3 Box Jump Mistakes That Can Ruin Your Vertical Jump

STACK Expert Tony Bonvechio warns against three mistakes athletes commonly make when performing Box Jumps.

Box Jump
Temptation is a powerful thing. Tell athletes to be careful doing Box Jumps and they'll attempt kangaroo-like leaps to imitate the 50-inch jumping sensations they found on YouTube. Box Jumps have great carryover to athletic performance, but if performed incorrectly, they can cause catastrophic injuries.

Jump training should accomplish three things:

  • Develop force rapidly (i.e., explosiveness)
  • Absorb force rapidly (i.e., land softly in a stable position)
  • Replicate jumping motions used in sport

Unfortunately, three common mistakes often prevent athletes from accomplishing these training goals. Avoid these Box Jump mistakes for safer workouts, increased power and insane hops.

RELATED: 9 Ways Athletes Screw Up Common Exercises

Mistake 1: You Land in a Deep Squat

You see it all the time–athletes pull their knees to their ears and land in a full Squat with their butts touching their calves to nail a high jump.

You never saw Michael Jordan throw down a thunderous dunk with his knees pulled to his chest. Jumping power comes from hip extension, not hip flexion, so the goal of the exercise should be to move your center of mass as high as possible, not lift your knees up.

And if you land in a full squat, your muscles won't absorb the landing force properly. Instead, you'll beat up your joints and connective tissue, increasing the chance of injury.

Why It Happens: This one is simple. The box is too high! Master strength coach Mike Boyle has openly admitted having thrown out all the plyo boxes higher than 30 inches from his facility, because the risk of injury is far greater than the benefit of leaping onto extra-high boxes.

WATCH: Mike Boyle Discusses His Approach to Box Jumps

How to Fix It:

  • Use a box that allows you to jump and land in the same position, ideally a quarter- or half-squat. No one jumps from a full squat, so don't land in a full squat.
  • "Stick" every landing. Land softly but don't allow yourself to dip into a low squat. This teaches your hamstrings, glutes and hip muscles to absorb the landing force instead of your joints, tendons and ligaments.

Mistake 2: Your Knees Cave In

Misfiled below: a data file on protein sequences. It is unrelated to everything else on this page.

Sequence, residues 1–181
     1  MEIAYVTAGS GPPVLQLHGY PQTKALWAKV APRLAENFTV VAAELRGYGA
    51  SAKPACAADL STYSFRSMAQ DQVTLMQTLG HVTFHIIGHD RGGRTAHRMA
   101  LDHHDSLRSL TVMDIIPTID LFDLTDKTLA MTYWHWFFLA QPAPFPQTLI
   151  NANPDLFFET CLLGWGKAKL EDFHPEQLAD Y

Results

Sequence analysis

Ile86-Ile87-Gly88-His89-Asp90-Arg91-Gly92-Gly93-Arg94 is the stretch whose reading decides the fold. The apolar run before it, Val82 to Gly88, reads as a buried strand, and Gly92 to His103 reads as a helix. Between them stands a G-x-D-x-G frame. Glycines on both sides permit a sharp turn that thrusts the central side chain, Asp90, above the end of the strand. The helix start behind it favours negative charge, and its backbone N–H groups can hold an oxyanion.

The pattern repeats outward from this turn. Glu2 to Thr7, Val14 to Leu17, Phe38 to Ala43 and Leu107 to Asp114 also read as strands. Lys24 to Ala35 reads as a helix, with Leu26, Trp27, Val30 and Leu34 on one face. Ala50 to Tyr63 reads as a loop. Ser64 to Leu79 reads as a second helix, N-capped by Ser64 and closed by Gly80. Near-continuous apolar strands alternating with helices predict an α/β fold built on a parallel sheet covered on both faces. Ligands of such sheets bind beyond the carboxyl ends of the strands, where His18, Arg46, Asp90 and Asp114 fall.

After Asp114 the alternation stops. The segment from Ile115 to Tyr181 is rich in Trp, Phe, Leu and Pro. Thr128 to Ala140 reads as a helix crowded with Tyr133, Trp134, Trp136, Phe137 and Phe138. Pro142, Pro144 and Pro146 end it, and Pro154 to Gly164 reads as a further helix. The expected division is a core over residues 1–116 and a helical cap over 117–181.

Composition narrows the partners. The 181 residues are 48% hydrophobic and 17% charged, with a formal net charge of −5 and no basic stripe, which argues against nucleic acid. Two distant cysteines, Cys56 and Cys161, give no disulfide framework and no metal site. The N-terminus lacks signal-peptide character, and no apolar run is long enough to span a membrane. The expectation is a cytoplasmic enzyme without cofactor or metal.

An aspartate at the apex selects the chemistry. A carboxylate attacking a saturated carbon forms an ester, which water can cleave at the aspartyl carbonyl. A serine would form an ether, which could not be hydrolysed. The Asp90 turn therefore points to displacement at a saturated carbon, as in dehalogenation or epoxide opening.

Stability is the number one component for a safe landing, and a knock-kneed position is as unstable as it gets. Plus, the action of the knees caving in—called valgus collapse—is the same mechanism that can cause an ACL injury.

For optimal safety and performance, land in a stable position with your knees tracking over your feet, your hips behind your knees and your weight distributed evenly throughout your foot.

Knees Caved In

Why It Happens: Valgus collapse happens for many reasons, most notably because of weak glutes, hamstrings and vastus medialis obliques (inner quad muscle). Females are especially prone to valgus collapse because of the wider angle between their hips and knees—hence the higher rate of female ACL injuries.

How to Fix It:

  • Practice perfect landing form. Start with a low box and imagine corkscrewing your feet into the ground as you land.
  • Strengthen the muscles that provide stability at the knee with exercises like Hip Thrusts, Glute-Ham Raises and Split Squats.

Mistake 3: You Jump Down from the Box

This one drives me absolutely crazy. Box Jumps are strenuous enough as it is, but jumping down from the box after each rep creates twice as many landings, twice as much stress on the body and twice as many chances to get hurt.

Why It Happens: The main reason is laziness, but many athletes simply don't understand the consequences of jumping down after each rep. Depth Jumps, an exercise where an athlete jumps down and lands from a high surface, place tremendous stress on the body—over five times an athlete's body weight with just a 30-centimeter drop (that's less than a foot). Only highly-trained athletes should perform Depth Jumps, and there's no need to add extra impact to a simple Box Jump.

How to Fix It:

  • After each rep, step down onto a slightly smaller box. If you're jumping to a 24-inch box, step down to a 12-inch box and then to the floor.
  • Hold yourself and your teammates accountable for weight room safety.

WATCH: Lacrosse Star Paul Rabil Performs Box Jumps

Practice Makes Permanent

Almost every athlete has to jump, so Box Jumps are as sport-specific as an exercise can get. But if you want to reap the benefits, you have to perform them correctly. Ask a teammate or a coach to watch your form and help you avoid these three Box Jump mistakes.

References:

Boyle, Mike. "The Idiot Box." Strengthcoach.com. 05 May 2009. Web. 06 Apr. 2014. .

Wallace, Brian J., Thomas W. Kernozek, James M. White, Dennis E. Kline, Glenn A. Wright, Hsien-Te Peng, and Chen-Fu Huang. "Quantification of Vertical Ground Reaction Forces of Popular Bilateral Plyometric Exercises." Journal of Strength and Conditioning Research 24.1 (2010): 207-12.


Photo Credit: Getty Images // Thinkstock

Topics: PLYOMETRICS | BOX JUMP | COACH | POWER | EXERCISE | INJURY | JUMPING